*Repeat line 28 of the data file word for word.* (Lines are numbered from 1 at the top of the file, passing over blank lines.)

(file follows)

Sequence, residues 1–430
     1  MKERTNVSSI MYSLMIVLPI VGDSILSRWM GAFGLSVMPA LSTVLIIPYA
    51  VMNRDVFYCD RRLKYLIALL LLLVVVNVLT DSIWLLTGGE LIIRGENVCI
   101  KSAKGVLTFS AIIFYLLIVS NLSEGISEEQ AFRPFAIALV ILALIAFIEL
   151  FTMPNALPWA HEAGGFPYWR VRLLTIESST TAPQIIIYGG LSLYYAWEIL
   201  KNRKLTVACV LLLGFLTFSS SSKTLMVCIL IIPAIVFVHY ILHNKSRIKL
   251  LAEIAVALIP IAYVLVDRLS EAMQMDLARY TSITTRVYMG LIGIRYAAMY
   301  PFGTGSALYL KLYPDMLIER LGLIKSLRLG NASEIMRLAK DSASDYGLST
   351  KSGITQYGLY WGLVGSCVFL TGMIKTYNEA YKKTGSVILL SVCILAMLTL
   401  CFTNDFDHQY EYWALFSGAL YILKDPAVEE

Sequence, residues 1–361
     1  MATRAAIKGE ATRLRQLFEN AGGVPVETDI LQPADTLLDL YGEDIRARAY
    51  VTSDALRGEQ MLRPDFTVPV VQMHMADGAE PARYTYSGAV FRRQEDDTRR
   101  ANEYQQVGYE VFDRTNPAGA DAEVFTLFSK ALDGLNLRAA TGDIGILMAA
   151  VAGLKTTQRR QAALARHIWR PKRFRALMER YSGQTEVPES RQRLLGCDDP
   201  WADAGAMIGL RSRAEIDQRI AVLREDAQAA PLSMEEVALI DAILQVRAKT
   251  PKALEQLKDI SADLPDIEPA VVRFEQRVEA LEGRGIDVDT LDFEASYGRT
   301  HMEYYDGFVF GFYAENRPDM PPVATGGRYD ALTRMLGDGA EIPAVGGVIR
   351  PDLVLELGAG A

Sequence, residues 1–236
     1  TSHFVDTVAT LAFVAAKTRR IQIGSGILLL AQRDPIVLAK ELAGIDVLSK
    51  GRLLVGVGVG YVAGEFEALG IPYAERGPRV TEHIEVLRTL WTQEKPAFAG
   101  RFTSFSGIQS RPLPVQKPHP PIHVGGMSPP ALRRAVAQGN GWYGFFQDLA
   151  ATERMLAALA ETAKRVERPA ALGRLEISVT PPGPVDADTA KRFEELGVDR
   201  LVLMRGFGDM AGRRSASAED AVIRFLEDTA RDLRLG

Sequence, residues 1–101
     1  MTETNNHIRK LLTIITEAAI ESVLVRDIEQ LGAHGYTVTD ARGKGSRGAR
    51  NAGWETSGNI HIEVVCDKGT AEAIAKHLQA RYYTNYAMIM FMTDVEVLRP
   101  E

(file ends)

    51  NAGWETSGNI HIEVVCDKGT AEAIAKHLQA RYYTNYAMIM FMTDVEVLRP